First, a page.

Member Rara Avis
Ringo, my scariest incident on a bike was around 1989. I had just picked up a new one from the dealer and wanted to see what she had.
The scene was Katella Avenue, one of the busiest streets in Orange County. When the light changed to green, I popped the clutch and experienced instant, very gratifying speed. Unfortunately, as all riders well know, a bike's get-up-and-go always seems to greatly exceed its now-it's-time-to-stop. When lights started blinking and barriers started to drop at a train crossing half a block from my green light, I knew there was no way in hell I could stop in time.
I should have laid the bike down, but I justified my reluctance for that maneuver with the thought I'd probably end up skidding to a stop right on the train tracks (which was perhaps an accurate assessment, but the truth was … it was a brand new bike!). I took the tip of one wooden arm on the handle bars, snapping off three foot like a karate chop, all the time holding my breath as I looked down the tracks to see just how close the train might be. I was, once again, lucky, and the locomotive was still a quarter mile distant. I walked away (drove, actually) without a scratch.
When I sold that bike three years later, it still had a nasty smudge of white paint just below the handle bars.
Kari, most of my worst injuries have been burns.
I was just a kid, working in a local restaurant, and had to clean the fryer at the end of my shift. Turn the gas fryer off, drain the still hot oil, filter it to remove all the food and crusties, then return it to the fryer. I had done it a hundred or more times. There's a screen that sits on the hitting coils, maybe six inches below the oil level, designed to catch the largest of the errant crusties. Standard procedure was to snag said screen with a table fork and remove it before draining. Piece of cake.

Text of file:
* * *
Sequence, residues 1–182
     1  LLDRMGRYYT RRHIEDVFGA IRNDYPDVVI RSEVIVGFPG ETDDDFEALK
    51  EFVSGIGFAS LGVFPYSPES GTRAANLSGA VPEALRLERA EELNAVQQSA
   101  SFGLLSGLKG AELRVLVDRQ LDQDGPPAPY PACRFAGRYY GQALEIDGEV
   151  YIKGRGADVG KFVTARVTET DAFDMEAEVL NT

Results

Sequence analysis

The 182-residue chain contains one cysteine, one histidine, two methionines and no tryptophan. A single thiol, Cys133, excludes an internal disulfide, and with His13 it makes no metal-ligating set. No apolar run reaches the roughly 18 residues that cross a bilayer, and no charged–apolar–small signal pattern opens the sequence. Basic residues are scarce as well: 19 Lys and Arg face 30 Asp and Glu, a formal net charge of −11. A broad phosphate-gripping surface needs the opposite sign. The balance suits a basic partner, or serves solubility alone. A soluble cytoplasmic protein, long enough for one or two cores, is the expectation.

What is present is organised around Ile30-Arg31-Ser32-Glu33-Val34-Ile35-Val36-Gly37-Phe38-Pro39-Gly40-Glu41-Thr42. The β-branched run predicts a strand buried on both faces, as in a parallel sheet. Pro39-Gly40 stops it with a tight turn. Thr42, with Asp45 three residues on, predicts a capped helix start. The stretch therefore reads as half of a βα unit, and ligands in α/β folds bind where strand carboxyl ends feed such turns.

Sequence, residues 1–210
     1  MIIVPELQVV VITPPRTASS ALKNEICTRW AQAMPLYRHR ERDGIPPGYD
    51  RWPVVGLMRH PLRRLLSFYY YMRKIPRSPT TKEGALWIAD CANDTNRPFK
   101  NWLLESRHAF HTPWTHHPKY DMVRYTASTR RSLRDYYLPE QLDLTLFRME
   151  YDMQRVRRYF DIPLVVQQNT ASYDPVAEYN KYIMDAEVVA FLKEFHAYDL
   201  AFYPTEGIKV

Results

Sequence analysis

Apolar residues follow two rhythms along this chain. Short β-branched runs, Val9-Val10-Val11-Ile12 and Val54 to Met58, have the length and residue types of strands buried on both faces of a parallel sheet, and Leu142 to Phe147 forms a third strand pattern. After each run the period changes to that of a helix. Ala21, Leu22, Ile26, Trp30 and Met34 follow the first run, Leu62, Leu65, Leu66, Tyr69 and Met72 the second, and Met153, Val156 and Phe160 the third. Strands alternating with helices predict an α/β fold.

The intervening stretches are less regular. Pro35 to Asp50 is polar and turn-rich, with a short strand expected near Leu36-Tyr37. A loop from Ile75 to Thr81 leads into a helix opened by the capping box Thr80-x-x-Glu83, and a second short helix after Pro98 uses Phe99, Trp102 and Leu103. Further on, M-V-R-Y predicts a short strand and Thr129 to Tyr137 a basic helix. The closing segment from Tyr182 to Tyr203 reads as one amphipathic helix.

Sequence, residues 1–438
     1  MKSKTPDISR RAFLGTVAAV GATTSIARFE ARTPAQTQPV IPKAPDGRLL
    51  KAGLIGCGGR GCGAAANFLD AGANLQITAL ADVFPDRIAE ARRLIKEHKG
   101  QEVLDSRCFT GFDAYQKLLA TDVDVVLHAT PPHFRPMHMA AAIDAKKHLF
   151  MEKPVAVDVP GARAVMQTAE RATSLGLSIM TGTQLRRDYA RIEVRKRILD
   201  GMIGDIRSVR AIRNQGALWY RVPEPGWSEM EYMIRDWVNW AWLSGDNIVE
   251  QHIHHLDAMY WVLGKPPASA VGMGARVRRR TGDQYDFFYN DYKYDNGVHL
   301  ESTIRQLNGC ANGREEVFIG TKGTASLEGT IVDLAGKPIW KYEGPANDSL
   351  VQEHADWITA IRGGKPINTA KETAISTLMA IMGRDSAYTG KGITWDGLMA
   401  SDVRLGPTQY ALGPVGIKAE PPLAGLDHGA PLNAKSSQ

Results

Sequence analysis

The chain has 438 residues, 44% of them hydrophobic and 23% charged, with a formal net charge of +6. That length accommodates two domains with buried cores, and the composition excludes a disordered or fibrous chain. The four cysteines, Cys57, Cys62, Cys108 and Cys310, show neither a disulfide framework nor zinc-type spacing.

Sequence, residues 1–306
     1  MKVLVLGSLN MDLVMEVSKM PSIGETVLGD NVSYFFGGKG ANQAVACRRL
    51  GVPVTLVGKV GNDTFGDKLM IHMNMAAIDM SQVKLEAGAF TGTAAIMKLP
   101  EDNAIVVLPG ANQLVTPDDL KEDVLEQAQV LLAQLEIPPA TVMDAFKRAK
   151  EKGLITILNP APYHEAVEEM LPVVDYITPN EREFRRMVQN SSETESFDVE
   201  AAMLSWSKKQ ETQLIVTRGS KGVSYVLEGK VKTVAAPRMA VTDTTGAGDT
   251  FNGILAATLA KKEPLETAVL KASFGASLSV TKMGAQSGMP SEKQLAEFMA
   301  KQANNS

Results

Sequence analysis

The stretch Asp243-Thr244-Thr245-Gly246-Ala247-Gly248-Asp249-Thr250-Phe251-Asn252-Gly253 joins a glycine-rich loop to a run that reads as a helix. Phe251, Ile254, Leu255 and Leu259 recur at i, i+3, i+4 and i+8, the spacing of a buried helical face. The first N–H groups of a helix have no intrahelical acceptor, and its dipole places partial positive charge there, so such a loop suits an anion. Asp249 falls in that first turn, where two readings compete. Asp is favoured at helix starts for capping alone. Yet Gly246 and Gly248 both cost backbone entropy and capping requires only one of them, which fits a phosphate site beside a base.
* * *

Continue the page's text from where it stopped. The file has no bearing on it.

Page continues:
What do you do when you accidentally drop a fork?
Here's a hint. Trying to grab it before it falls may be instinctive, but it's a really bad answer. I stuck my hand, almost up to the wrist, into oil that was still about 300 degrees. Needless to say, I didn't leave it there very long.
I had been burnt often enough already that my first reaction (even before swearing) was to get my hand in ice, which fortunately was only a few feet from the grill area. The ice leeches the heat from the still cooking flesh and can prevent a really bad burn from becoming a serious, disfiguring burn. I had blisters on top of my blisters, pain that brought tears to a grown man's eyes, but survived the incident without even scars to show for it.
All things considered in my life, one broken collar bone in 54 years is almost a miracle.